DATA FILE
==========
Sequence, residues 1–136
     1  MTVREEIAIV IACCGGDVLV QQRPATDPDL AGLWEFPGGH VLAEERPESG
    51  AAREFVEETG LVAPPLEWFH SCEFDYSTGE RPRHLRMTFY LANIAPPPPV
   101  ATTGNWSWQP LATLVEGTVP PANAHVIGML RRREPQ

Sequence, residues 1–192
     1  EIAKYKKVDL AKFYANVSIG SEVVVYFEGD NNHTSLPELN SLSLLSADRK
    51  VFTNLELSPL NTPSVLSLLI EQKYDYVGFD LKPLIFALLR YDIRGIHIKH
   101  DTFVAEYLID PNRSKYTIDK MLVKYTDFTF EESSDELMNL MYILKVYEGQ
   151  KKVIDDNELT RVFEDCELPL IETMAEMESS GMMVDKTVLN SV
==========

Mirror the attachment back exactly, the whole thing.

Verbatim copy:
Sequence, residues 1–136
     1  MTVREEIAIV IACCGGDVLV QQRPATDPDL AGLWEFPGGH VLAEERPESG
    51  AAREFVEETG LVAPPLEWFH SCEFDYSTGE RPRHLRMTFY LANIAPPPPV
   101  ATTGNWSWQP LATLVEGTVP PANAHVIGML RRREPQ

Sequence, residues 1–192
     1  EIAKYKKVDL AKFYANVSIG SEVVVYFEGD NNHTSLPELN SLSLLSADRK
    51  VFTNLELSPL NTPSVLSLLI EQKYDYVGFD LKPLIFALLR YDIRGIHIKH
   101  DTFVAEYLID PNRSKYTIDK MLVKYTDFTF EESSDELMNL MYILKVYEGQ
   151  KKVIDDNELT RVFEDCELPL IETMAEMESS GMMVDKTVLN SV